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When you use threads, do you have any preferences? In general rule, to use any of these techniques :

  • create a new thread manually and use the run loop
  • use NSOperationQueue
  • or use Grand Central Dispatch and the C version with dispatch_queue?

Does NSOperationQueue simplify everything, and thus is better to be used when we need to create an asynchronous function?

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2 Answers

up vote 8 down vote accepted

I'm lazy, so my philosophy is to pick the simplest solution that does everything I need it to. (I like to think this is the "lazy" espoused by Larry Wall but sometimes I wonder.)

So my order of preference would be:

  1. Asynchronous method calls
  2. NSOperationQueue
  3. Grand Central Dispatch
  4. Thread

There an increase in complexity and flexibility with each step down. If you need the extra flexibility then the complexity is probably worth it.

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thanks, but what do you mean by your n°1 asynchronous method calls? i think i'm only aware of the last 3 methods. –  Paul Aug 22 '11 at 15:16
    
Basically: don't use threads at all. –  Stephen Darlington Aug 22 '11 at 15:19
    
okay, i'll take your advice. I also found this good discussion about threads and nsoperationQueue : stackoverflow.com/questions/3041837/… . But still, is there a way to make asynchronous calls, as you said in your post? –  Paul Aug 22 '11 at 17:16
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Any method that doesn't immediately return results but does so using delegate methods (or notifications) is asynchronous. –  Stephen Darlington Aug 22 '11 at 17:37
    
alright thanks for your answers ! –  Paul Aug 22 '11 at 22:31
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I can remember that in a WWDC 2010 session it was said that GCD is the way to go unless you are working with APIs that currently do not work well with it.

As a general rule, I always use asynchronous method calls for networking and avoid using pthreads or NSThreads directly unless it is absolutely necessary.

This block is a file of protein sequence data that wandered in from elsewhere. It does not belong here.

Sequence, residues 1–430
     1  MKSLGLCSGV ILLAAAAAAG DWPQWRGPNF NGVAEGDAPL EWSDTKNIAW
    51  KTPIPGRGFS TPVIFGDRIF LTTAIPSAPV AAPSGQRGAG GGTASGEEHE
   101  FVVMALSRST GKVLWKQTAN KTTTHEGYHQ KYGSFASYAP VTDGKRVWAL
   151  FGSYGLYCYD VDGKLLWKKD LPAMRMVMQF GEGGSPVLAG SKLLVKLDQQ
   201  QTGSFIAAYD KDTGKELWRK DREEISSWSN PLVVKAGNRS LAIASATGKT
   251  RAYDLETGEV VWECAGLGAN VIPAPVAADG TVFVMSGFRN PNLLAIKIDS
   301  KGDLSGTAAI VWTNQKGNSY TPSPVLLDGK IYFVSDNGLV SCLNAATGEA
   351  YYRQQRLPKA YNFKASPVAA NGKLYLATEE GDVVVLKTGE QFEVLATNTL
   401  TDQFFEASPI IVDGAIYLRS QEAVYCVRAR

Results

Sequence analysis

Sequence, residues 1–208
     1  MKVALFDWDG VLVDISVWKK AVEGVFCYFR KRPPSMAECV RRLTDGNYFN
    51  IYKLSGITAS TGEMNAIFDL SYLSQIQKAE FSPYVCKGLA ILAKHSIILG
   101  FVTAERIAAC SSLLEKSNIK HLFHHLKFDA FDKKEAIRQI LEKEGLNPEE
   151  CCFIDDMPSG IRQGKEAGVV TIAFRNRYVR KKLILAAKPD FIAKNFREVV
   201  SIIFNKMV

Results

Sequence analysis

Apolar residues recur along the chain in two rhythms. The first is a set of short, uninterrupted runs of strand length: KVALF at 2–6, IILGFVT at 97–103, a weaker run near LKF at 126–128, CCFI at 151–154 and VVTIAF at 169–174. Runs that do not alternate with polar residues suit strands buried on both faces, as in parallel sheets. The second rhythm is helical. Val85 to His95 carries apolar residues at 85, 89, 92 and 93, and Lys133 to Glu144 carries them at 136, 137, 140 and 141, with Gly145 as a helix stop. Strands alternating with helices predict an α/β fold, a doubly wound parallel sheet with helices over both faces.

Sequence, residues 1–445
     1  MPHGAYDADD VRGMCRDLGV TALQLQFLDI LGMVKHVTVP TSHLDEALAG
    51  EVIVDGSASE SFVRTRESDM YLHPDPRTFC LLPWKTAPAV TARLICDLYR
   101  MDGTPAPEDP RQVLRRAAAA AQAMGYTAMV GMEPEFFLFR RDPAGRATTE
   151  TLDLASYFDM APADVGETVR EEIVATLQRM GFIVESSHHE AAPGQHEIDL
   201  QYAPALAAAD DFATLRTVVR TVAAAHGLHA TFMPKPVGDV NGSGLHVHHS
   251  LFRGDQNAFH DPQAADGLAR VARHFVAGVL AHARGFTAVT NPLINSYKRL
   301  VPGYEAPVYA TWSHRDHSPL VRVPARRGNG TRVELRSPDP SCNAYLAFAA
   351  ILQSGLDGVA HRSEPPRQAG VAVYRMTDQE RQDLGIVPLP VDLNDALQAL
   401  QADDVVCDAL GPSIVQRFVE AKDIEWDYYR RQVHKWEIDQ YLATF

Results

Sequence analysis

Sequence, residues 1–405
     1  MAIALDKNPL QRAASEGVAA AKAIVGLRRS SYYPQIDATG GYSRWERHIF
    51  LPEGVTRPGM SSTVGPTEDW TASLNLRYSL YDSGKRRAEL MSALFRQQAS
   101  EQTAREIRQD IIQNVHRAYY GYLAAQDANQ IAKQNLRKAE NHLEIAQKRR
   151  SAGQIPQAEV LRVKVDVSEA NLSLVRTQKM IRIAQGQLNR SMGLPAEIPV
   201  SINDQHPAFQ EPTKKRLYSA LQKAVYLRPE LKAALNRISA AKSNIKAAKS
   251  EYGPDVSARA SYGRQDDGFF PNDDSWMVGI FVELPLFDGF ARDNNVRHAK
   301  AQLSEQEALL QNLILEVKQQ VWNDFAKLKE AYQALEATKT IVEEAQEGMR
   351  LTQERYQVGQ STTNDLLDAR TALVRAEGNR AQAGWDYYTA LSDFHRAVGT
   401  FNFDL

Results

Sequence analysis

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thanks Sepehr, i think i read that GCD uses the C language with "dispatch_queue", which is an equivalent of NSOperationQueue? so when you say GCD, do you mean also the objective-c methods or the C methods? i'm not quite "comfortable" with C synthax –  Paul Aug 22 '11 at 15:20
    
NSOperationQueue is implemented using GCD (though you don't need to know that to use it). –  Stephen Darlington Aug 22 '11 at 17:38
    
in iOS NSOperationQueue is NOT implemented using GCD, from Apple's NSOperationQueue Class Reference : "In iOS, operation queues do not use Grand Central Dispatch to execute operations.". –  Sepehr Mahmoudian Aug 23 '11 at 4:07
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GCD is superior to other technologies because: 1. It cuts development time 2. The system manages threads, it reuses previously created threads if possible. 3. It has access to resources allocated for the system, in most cases it will be able to provide you with more resources than you would have if you had used other threading technologies. 4. You do not need to use locks that end up making your program actually run slower in most cases. 5. GCD lets you use multiple processing cores easily. –  Sepehr Mahmoudian Aug 23 '11 at 4:12
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you need to use C language to work with GCD and you will also need to know how to work with blocks. but you will only need to spend about half an hour to learn both. –  Sepehr Mahmoudian Aug 23 '11 at 4:14
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